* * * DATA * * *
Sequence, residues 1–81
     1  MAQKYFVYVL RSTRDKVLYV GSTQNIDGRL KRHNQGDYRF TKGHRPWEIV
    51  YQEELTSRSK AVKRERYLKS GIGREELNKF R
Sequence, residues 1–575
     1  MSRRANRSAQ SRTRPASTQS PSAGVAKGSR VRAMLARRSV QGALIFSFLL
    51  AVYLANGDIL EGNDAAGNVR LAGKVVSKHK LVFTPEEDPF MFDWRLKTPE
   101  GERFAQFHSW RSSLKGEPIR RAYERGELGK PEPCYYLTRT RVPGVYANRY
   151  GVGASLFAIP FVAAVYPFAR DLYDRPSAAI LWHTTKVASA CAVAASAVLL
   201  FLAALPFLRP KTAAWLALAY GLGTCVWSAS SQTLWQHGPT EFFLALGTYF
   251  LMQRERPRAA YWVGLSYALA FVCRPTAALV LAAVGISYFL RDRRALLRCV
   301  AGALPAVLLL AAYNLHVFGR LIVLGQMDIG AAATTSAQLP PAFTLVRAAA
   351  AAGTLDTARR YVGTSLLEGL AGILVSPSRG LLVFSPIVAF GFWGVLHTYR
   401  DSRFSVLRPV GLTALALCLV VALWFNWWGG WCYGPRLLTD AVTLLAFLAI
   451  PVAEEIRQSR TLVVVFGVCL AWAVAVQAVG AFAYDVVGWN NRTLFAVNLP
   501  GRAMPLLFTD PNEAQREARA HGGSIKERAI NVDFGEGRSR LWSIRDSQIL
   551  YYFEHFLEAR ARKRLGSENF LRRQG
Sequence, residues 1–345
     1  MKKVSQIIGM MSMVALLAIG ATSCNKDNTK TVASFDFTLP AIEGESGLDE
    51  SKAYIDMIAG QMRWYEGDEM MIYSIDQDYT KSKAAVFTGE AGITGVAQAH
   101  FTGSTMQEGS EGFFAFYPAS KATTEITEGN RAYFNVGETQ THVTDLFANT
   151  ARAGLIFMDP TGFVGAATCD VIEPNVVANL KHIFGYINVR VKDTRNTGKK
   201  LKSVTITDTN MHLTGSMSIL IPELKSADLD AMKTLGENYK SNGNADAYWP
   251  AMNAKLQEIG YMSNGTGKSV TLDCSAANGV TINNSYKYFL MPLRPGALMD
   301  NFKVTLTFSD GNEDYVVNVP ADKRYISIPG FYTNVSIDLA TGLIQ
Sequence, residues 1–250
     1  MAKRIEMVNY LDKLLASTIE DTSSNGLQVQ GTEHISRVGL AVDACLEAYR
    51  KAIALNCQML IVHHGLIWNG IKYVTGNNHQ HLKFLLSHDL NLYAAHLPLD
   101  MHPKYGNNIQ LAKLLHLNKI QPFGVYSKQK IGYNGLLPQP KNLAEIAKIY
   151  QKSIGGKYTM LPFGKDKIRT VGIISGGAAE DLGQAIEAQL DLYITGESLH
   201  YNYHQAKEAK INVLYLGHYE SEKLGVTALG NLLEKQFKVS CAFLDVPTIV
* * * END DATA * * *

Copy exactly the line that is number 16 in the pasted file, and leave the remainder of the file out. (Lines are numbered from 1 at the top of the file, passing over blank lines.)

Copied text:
   551  YYFEHFLEAR ARKRLGSENF LRRQG